5. Business Intelligence – Reporting.

    As SharePoint is a web-based platform, using it for your intranet means that everyone in your business can readily access it.

    SharePoint is a great enabler to bust reporting out of silos and share insights with your whole business. Key information from your Line of Business software applications can be presented in SharePoint to minimise duplicated effort and disruptions caused by context switching between applications.

    Sure, you might not make sensitive financial data available to everyone – this can be controlled by security permissions – but you can certainly use it to communicate sales orders relative to targets, billable work by division, customer complaints, product returns, etc – the sort of stuff that is meaningful to everyone in your company.

  6. Blogs.

    How do you communicate with your staff? Do you send out boring “all staff” e-mails when you could be writing a weekly blog that incorporates multimedia (images, sounds, videos) and encourages discussion by allowing comments to be made? Did I also mention that it would also be searchable?

  7. Who’s in and who’s out?

    We’ve all glanced at an archaic “who’s in and out” peg board whilst waiting in the reception area of a company.

    With SharePoint, by drawing data from your Microsoft-based e-mail system, you can automatically update a dashboard that shows staff that are unavailable or at their desk. If you’re using forms workflows (mentioned earlier) to manage leave requests, SharePoint can automatically update the “who’s in and out” dashboard.

    All staff, especially your gracious receptionists, will be able to better direct visitors and phone calls by knowing where someone is at a glance.

  8. Policies and Procedures or Frequently Asked Questions (FAQs).

    Wouldn’t it be great if all your policies, procedures and processes were in one place where a new employee could see them? Wouldn’t it also be great if those that are “part of the furniture” could easily remind themselves of how to exit the building in an emergency? (Arms flailing wildly is always one option.)

    You could reduce the amount of time your HR and other team members spend answering questions by sharing this searchable knowledge using SharePoint. Once you make an update to a document, the old version can still be available if it’s needed.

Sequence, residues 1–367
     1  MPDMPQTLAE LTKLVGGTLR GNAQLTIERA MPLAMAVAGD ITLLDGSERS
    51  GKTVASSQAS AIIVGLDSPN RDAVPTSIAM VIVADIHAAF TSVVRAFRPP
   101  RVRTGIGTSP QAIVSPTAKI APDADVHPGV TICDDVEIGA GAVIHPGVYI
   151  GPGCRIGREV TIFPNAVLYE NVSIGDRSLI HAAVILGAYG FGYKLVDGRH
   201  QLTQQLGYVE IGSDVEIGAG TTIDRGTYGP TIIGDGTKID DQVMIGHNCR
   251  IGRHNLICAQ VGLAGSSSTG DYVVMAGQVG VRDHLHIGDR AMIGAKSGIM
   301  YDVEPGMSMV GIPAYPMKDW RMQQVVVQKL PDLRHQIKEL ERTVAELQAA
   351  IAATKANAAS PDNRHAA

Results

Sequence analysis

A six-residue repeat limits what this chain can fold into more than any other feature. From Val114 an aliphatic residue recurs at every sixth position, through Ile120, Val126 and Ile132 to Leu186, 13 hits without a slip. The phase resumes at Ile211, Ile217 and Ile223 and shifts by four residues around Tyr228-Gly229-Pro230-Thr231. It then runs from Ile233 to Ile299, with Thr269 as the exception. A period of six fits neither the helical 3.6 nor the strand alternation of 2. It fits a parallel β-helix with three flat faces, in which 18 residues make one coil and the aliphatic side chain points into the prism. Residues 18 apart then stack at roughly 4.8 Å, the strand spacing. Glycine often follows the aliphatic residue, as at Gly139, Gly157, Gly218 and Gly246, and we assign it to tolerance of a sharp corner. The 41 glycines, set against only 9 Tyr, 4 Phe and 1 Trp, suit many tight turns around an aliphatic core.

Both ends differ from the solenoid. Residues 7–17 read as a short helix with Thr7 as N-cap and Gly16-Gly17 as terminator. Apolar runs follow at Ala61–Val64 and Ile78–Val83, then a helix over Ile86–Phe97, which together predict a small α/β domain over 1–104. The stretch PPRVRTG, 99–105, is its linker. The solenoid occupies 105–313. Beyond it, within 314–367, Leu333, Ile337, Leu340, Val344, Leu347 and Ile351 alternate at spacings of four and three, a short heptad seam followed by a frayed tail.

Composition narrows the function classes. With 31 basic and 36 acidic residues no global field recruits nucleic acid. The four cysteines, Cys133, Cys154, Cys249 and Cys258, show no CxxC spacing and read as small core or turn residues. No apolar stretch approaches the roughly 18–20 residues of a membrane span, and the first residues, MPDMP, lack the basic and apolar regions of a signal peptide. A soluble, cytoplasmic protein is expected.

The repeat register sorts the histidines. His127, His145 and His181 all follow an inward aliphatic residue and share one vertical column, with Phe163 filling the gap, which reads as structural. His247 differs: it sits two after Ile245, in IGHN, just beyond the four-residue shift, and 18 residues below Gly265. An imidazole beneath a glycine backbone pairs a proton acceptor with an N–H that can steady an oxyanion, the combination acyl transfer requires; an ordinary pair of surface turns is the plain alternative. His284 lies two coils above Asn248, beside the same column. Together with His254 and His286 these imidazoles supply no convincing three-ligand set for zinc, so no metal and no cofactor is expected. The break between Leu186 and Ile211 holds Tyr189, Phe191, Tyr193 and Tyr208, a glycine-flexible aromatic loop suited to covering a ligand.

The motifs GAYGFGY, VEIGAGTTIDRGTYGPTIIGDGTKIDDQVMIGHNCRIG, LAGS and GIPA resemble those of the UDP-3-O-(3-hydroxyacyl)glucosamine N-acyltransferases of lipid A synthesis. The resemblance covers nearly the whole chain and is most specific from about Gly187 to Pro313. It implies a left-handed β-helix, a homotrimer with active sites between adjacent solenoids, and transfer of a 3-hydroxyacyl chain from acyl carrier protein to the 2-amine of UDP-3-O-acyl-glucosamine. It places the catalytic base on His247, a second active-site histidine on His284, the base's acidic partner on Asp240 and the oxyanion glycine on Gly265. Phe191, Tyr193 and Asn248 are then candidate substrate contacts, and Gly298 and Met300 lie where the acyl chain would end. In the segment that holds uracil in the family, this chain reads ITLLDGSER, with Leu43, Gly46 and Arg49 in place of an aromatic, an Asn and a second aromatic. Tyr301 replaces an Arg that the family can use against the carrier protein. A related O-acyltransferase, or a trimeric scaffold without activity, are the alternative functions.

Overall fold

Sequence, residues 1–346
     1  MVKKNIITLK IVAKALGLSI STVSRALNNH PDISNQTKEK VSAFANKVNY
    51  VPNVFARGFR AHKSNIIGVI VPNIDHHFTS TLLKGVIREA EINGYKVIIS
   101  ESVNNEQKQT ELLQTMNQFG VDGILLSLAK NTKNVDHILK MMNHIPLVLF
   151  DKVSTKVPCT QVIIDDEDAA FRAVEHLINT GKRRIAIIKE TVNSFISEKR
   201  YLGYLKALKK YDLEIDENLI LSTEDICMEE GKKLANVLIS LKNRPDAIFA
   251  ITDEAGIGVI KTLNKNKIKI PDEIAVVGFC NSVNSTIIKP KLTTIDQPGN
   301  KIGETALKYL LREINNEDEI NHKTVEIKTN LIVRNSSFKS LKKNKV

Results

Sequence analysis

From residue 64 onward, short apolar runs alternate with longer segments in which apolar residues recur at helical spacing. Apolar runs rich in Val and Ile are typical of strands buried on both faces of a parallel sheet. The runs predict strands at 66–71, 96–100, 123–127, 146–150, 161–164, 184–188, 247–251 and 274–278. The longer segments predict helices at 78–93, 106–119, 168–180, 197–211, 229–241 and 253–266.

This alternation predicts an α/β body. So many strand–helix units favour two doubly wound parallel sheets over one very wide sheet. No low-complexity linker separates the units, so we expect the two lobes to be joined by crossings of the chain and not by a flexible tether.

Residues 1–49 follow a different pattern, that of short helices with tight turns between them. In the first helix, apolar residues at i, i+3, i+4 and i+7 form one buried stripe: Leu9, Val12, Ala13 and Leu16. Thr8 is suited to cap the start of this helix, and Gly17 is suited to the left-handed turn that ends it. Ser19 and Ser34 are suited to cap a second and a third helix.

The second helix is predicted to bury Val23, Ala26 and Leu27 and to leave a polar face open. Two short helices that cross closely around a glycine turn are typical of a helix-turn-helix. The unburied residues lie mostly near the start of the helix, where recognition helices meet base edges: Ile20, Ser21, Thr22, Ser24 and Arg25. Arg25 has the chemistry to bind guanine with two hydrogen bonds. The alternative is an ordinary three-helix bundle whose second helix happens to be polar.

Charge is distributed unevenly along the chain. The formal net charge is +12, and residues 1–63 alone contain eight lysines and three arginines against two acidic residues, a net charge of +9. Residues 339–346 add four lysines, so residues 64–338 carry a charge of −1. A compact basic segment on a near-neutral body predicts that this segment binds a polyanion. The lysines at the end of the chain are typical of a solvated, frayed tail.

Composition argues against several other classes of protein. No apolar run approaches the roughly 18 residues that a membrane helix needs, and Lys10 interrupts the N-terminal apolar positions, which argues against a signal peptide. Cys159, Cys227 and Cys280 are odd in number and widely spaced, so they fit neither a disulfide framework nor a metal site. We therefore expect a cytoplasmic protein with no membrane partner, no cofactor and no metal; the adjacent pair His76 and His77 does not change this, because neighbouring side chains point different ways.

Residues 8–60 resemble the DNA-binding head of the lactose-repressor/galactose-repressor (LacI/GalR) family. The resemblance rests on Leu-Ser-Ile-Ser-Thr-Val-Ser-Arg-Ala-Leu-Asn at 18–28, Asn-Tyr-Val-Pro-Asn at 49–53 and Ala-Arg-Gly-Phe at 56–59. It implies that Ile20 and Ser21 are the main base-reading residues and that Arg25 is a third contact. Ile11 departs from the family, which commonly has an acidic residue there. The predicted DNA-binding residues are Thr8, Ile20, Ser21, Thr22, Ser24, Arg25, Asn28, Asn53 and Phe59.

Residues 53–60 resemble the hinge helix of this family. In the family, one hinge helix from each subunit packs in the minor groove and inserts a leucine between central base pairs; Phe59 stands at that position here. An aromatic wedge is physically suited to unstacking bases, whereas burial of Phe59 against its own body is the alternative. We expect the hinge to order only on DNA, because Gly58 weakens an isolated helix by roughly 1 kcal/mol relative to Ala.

9. All those spreadsheets and one-of-a-kind databases.

    Let’s say you have to create a basic asset register for your fleet of company vehicles. How would you normally do this? You could: select an off-the-shelf product; build your own; or do something quick and easy in Excel or Access. If you’re in the latter camp, it’s not really practical to have multiple people potentially reading or updating spreadsheets or Access databases simultaneously.

    These bespoke little helper inventions lend themselves to receiving a proper home within SharePoint where everyone can see them and use them. Automatic data validation – that ensures a vehicle’s registration is entered, for example – can be readily implemented. Security around who can make changes can also be incorporated. You could even then extend the concept of the aforementioned vehicle asset register to also become a full vehicle booking system.

    It’s worth blowing the dust off all those Excel sheets and Access databases and considering whether they might be ripe to bring into the world of SharePoint.

The above advice is intended to be generalist in nature. Every business varies in terms of complexity, risk profile, and budget, not to mention industry type and product offering. Therefore, it’s important to evaluate your specific situation.

Next Steps

  • Share this article – who else might find this of interest?
  • Start a conversation at work – what’s your SharePoint used for?
  • Contact Us – let’s get the conversation going!

IT should support your business rather than drive it.

Consequently, our business exists to, firstly, understand yours and, then, plan how IT can be utilised to drive a proper Return on Investment (ROI).

The Loftus SharePoint team has designed and built environments for government agencies and private sector businesses that have varying goals and requirements.

Contact Us or phone 1300 LOFTUS (1300 563 887) to discover how we can help implement the optimum SharePoint solution for your business.